“When you are fully focused behind the wheel, things slow down,” says Kiwi racing sensation Brendon Hartley. “Nothing is on your mind other than all the feelings and sensations required to get the most out of the race car. That being said, we are constantly talking to our engineer via radio and sometimes discuss certain strategies or settings for the car. You learn to zone in and out of the trance-like focus when needed.”
Last year the 28-year-old driver made his Formula One debut for Scuderia Toro Rosso at the US Grand Prix, having already carved out an impressive endurance racing portfolio, including a win at the 2017 24 Hours of Le Mans with teammates Earl Bamber and Timo Bernhard, a legendary event that, says Brendon, win or lose, “brings grown men to tears”.
“I really enjoyed the team element of endurance racing, and working together and learning from you teammates,” Brendon tells me. “We formed bonds that will last a lifetime.” Formula One, however, is a different beast, a “cut throat sport” that makes it “impossible to have that same relationship”. “Of course, you share certain things to help the team and develop the car,” he adds. “But ultimately, your teammate in F1 is the first person you want to beat. Endurance racing and F1 are different, but the same set of skills are required behind the wheel. As a kid, I grew up dreaming of F1.”
Having grown up in a racing environment (his dad, Bryan, had competed in a number of series, including Formula Atlantic), Brendon was just six when he first experienced the thrill of the throttle in a kart racing his older brother, Nelson (named after legendary Formula One driver, Nelson Piquet). “You could say racing was in our blood,” says Brendon. “I think my childhood was like most other Kiwis’, but the big difference was that I spent most weekends at race tracks. My earliest memories are of watching my father at Manfield Park.”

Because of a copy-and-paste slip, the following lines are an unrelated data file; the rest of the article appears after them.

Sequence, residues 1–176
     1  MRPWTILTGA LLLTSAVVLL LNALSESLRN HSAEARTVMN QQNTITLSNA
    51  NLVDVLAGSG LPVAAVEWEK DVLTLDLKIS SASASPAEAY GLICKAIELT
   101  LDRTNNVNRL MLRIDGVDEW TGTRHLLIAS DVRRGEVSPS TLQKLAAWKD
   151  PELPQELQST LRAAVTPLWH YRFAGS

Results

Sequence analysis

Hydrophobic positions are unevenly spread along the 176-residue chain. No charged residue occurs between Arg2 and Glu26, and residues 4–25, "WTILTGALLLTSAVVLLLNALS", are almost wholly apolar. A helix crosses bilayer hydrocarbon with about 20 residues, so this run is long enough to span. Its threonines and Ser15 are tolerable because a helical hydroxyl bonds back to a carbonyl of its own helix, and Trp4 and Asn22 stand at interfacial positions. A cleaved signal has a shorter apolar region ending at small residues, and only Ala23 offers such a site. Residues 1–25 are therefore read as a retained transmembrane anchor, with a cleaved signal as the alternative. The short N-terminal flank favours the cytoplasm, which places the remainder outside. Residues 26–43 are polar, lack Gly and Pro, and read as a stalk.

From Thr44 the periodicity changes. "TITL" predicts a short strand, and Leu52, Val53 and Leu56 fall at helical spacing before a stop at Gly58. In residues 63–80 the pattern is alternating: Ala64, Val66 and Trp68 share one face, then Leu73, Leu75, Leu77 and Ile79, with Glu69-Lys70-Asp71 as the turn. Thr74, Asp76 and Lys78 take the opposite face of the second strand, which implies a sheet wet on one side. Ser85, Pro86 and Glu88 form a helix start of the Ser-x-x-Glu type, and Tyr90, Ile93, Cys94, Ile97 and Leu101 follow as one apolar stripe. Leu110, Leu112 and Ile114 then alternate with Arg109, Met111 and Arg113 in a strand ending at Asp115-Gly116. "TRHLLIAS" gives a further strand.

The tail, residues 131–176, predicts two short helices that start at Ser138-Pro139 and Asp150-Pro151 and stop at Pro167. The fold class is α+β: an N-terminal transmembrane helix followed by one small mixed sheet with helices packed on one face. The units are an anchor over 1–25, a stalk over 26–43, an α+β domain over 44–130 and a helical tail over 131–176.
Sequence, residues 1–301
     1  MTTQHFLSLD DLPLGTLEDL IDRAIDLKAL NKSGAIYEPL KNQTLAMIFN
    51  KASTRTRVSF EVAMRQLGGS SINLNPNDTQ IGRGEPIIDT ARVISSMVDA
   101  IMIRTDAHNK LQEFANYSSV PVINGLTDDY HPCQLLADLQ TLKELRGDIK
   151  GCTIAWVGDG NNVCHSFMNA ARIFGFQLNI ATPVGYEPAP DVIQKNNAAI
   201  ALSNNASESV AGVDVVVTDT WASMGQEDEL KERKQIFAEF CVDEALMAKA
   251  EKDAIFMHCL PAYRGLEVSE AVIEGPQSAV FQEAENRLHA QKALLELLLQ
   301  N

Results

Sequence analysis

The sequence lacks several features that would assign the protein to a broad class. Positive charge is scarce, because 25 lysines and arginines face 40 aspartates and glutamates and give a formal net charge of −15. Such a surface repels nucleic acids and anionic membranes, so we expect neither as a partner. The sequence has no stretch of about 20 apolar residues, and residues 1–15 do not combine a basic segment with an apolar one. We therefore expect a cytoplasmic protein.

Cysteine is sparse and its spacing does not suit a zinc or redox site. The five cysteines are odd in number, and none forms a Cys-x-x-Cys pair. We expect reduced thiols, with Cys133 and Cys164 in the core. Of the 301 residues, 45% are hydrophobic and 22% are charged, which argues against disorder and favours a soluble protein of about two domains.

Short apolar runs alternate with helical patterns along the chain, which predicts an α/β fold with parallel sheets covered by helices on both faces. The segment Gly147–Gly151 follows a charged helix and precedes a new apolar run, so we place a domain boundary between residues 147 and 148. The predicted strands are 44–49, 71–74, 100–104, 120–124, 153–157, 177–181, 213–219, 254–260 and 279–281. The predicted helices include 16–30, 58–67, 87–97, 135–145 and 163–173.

The driver states that what most shaped him was leaving his school, friends and family to pursue his racing dream in Europe. “I moved to a small town in east Germany and had to somewhat fend for myself,” he recalls. “I got very good at cooking pasta with red sauce!”
The first decade away was a chaotic one, filled with “ups and downs”. “I had great support from my family and management in New Zealand, as well as my then girlfriend, now wife, Sarah, but it was by no means straight forward,” he says. At 17, he won a European championship and a year later a chance to fulfil his dream of progressing to Formula One. “But after a string of poor results and a downward spiral of confidence, I lost my drive,” he admits. “The years that followed taught me the most, and so I’m very proud, with the help of my family and supporters, to have worked my way back to where I am today.”
I ask him what lessons he takes from victory and defeat, and the answer is the same for both: to never give up. But it wasn’t just other drivers that Brendon had to battle on the way up — there were big bouts of homesickness too. “I loved learning about all the different cultures and seeing first hand the majority of the countries across Europe, but especially in those first years I did miss home,” he recounts. “I will never forget the feeling I used to get when finally getting to come home at the end of each year. It’s a different story now, I’m still a proud Kiwi of course, but Sarah and I have made a life over here, and I come home to New Zealand for a holiday but am equally happy to get back to our life that we have over here. New Zealand will always be home though.”
Words: Jamie Christian Desplaces
Image: Porsche LMP1 919 Hybrid driver Brendon Hartley of New Zealand outside the team garage after qualifications for the 6 Hours of Fuji, the seventh round of the 2017 FIA World Endurance Championship at Fuji Speedway in Shizuoka, Japan on October 14, 2017.